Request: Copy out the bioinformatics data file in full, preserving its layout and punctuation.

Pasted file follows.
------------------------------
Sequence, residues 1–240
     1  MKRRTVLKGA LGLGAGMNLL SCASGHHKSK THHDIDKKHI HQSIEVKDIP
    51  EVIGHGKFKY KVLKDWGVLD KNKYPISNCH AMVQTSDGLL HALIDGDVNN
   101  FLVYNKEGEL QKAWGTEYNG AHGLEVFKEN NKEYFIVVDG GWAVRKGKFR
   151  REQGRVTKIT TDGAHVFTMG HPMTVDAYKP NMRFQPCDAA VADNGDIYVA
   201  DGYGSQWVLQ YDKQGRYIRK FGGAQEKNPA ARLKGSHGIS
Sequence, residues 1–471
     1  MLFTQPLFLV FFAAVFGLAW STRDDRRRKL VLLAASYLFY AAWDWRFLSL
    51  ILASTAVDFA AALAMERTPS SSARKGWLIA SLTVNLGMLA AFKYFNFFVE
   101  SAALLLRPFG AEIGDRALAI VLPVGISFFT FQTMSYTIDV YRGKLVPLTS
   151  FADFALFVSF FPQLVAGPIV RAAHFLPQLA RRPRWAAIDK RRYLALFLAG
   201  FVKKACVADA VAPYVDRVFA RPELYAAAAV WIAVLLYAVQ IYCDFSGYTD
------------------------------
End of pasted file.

Sequence, residues 1–240
     1  MKRRTVLKGA LGLGAGMNLL SCASGHHKSK THHDIDKKHI HQSIEVKDIP
    51  EVIGHGKFKY KVLKDWGVLD KNKYPISNCH AMVQTSDGLL HALIDGDVNN
   101  FLVYNKEGEL QKAWGTEYNG AHGLEVFKEN NKEYFIVVDG GWAVRKGKFR
   151  REQGRVTKIT TDGAHVFTMG HPMTVDAYKP NMRFQPCDAA VADNGDIYVA
   201  DGYGSQWVLQ YDKQGRYIRK FGGAQEKNPA ARLKGSHGIS
Sequence, residues 1–471
     1  MLFTQPLFLV FFAAVFGLAW STRDDRRRKL VLLAASYLFY AAWDWRFLSL
    51  ILASTAVDFA AALAMERTPS SSARKGWLIA SLTVNLGMLA AFKYFNFFVE
   101  SAALLLRPFG AEIGDRALAI VLPVGISFFT FQTMSYTIDV YRGKLVPLTS
   151  FADFALFVSF FPQLVAGPIV RAAHFLPQLA RRPRWAAIDK RRYLALFLAG
   201  FVKKACVADA VAPYVDRVFA RPELYAAAAV WIAVLLYAVQ IYCDFSGYTD